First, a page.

A comparative study on the landslide susceptibility mapping using logistic regression and statistical index models

  • Zhiyong Wu
  • Yanli Wu
  • Yitian Yang
  • Fuwei Chen
  • Na Zhang
  • Yutian Ke
  • Wenping Li
Original Paper

Abstract

The logistic regression and statistical index models are applied and verified for landslide susceptibility mapping in Daguan County, Yunnan Province, China, by means of the geographic information system (GIS). A detailed landslide inventory map was prepared by literatures, aerial photographs, and supported by field works. Fifteen landslide-conditioning factors were considered: slope angle, slope aspect, curvature, plan curvature, profile curvature, altitude, STI, SPI, and TWI were derived from digital elevation model; NDVI was extracted from Landsat ETM7; rainfall was obtained from local rainfall data; distance to faults, distance to roads, and distance to rivers were created from a 1:25,000 scale topographic map; the lithology was extracted from geological map. Using these factors, the landslide susceptibility maps were prepared by LR and SI models. The accuracy of the results was verified by using existing landslide locations. The statistical index model had a predictive rate of 81.02%, which is more accurate prediction in comparison with logistic regression model (80.29%). The models can be used to land-use planning in the study area.

Keywords

Landslide Susceptibility Logistic regression Statistical index China 

Notes

Acknowledgments

The authors thank the National Basic Research Program of China “973” (No. 2015CB251601), the People’s Livelihood Research Project of Hebei Province (201301211), and the Research Fund for the Scientific Studies in Higher Education Institutions of Hebei Province (QN2015306) for the financial support. Also, the authors would like to express their gratitude to the anonymous reviewers for their constructive comments and suggestions, which highly increased the quality of the paper.

References

  1. Akgun A, Sezer EA, Nefeslioglu HA, Gokceoglu C, Pradhan B (2012) An easy-to-use MATLAB program (MamLand) for the assessment of landslide susceptibility using a Mamdani fuzzy algorithm. Comput Geosci 38(1):23–34CrossRefGoogle Scholar
  2. Atkinson PM, Massari R (1998) Generalised linear modelling of susceptibility to landsliding in the central Apennines, Italy. Comput Geosci 24(4):373–385CrossRefGoogle Scholar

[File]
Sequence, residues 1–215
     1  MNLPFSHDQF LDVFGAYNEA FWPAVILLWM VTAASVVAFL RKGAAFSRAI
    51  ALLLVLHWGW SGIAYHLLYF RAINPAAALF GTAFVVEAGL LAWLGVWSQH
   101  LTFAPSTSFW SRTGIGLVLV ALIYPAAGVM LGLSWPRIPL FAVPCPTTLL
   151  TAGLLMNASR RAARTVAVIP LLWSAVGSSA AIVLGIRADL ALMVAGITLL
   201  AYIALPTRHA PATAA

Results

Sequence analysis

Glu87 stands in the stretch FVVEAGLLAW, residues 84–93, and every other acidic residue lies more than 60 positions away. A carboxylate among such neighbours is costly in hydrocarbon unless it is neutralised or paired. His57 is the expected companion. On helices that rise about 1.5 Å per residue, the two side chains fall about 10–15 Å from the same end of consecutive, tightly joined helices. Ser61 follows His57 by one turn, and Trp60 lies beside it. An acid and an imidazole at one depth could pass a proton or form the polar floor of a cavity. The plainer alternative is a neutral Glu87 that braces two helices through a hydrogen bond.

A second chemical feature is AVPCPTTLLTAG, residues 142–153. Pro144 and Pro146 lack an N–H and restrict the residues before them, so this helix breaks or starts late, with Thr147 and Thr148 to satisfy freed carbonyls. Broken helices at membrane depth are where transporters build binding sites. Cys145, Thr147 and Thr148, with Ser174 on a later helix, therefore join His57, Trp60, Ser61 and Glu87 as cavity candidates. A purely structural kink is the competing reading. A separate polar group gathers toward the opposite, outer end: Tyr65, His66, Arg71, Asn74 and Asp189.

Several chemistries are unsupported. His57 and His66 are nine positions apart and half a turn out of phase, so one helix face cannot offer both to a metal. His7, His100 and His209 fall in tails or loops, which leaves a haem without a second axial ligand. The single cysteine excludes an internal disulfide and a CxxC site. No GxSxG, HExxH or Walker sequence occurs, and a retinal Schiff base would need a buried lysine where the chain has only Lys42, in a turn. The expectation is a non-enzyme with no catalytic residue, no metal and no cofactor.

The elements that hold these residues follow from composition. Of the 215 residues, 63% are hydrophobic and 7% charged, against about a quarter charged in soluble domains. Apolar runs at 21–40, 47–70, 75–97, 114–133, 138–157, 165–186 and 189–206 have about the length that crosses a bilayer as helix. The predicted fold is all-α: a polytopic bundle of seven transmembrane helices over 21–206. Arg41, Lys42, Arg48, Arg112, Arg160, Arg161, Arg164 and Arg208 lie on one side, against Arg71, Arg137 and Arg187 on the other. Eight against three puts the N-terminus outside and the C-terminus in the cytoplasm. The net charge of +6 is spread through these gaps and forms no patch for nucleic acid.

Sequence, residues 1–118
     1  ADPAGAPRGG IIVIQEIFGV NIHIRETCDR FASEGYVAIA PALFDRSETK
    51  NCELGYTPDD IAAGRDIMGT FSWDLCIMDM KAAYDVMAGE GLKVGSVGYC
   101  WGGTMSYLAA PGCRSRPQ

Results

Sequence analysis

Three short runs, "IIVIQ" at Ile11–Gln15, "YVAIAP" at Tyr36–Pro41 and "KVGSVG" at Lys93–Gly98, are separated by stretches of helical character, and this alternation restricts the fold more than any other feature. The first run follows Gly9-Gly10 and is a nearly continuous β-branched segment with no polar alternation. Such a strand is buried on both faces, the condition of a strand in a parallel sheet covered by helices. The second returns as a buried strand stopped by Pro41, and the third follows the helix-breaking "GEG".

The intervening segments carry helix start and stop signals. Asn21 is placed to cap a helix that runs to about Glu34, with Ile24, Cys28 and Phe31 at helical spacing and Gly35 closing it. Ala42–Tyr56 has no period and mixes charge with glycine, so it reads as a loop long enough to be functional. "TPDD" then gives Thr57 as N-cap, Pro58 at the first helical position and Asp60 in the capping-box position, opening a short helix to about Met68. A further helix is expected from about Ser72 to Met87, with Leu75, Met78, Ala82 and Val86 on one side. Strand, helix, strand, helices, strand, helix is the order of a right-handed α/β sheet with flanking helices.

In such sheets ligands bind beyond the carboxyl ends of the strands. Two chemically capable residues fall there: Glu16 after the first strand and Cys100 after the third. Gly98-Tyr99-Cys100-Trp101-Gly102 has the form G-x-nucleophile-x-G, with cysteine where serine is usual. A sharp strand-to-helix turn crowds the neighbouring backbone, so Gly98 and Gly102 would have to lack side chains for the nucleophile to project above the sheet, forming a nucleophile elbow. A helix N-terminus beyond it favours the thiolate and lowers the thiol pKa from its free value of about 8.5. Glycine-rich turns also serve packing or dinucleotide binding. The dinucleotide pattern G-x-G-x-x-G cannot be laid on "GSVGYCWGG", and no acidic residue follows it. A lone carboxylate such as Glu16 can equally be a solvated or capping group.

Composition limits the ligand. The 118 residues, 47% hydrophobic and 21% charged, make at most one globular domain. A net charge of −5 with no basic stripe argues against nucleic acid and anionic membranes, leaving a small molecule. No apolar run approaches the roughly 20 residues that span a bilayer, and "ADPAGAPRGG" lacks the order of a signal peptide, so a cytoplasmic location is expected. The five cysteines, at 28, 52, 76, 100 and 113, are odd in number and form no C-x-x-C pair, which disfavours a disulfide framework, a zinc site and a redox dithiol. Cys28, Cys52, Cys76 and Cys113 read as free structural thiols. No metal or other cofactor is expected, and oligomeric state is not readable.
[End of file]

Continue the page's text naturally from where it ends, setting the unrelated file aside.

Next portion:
3. Beven KJ, Kirkby MJ (1979) A physically based, variable contributing area model of basin hydrology/un modèle à base physique de zone d'appel variable de l'hydrologie du bassin versant. Hydrol Sci J 24(1):43–69Google Scholar
  4. Bui DT, Tuan TA, Klempe H, Pradhan B, Revhaug I (2015) Spatial prediction models for shallow landslide hazards: a comparative assessment of the efficacy of support vector machines, artificial neural networks, kernel logistic regression, and logistic model tree. Landslides 1–18Google Scholar
  5. Chen Z, Wang J (2007) Landslide hazard mapping using logistic regression model in Mackenzie Valley, Canada. Nat Hazards 42(1):75–89CrossRefGoogle Scholar
  6. Chen W, Li X, Wang Y, Chen G, Liu S (2014) Forested landslide detection using LiDAR data and the random forest algorithm: a case study of the three gorges, China. Remote Sens Environ 152:291–301CrossRefGoogle Scholar
  7. Constantin M, Bednarik M, Jurchescu MC, Vlaicu M (2011) Landslide susceptibility assessment using the bivariate statistical analysis and the index of entropy in the Sibiciu Basin (Romania). Environmental Earth Sciences 63(2):397–406CrossRefGoogle Scholar
  8. Devkota KC, Regmi AD, Pourghasemi HR, Yoshida K, Pradhan B, Ryu IC et al (2013) Landslide susceptibility mapping using certainty factor, index of entropy and logistic regression models in GIS and their comparison at Mugling–Narayanghat road section in Nepal Himalaya. Nat Hazards 65(1):135–165CrossRefGoogle Scholar
  9. Dragićević S, Lai T, Balram S (2015) GIS-based multicriteria evaluation with multiscale analysis to characterize urban landslide susceptibility in data-scarce environments. Habitat International 45:114–125CrossRefGoogle Scholar
  10. Felicísimo ÁM, Cuartero A, Remondo J, Quirós E (2013) Mapping landslide susceptibility with logistic regression, multiple adaptive regression splines, classification and regression trees, and maximum entropy methods: a comparative study. Landslides 10(2):175–189CrossRefGoogle Scholar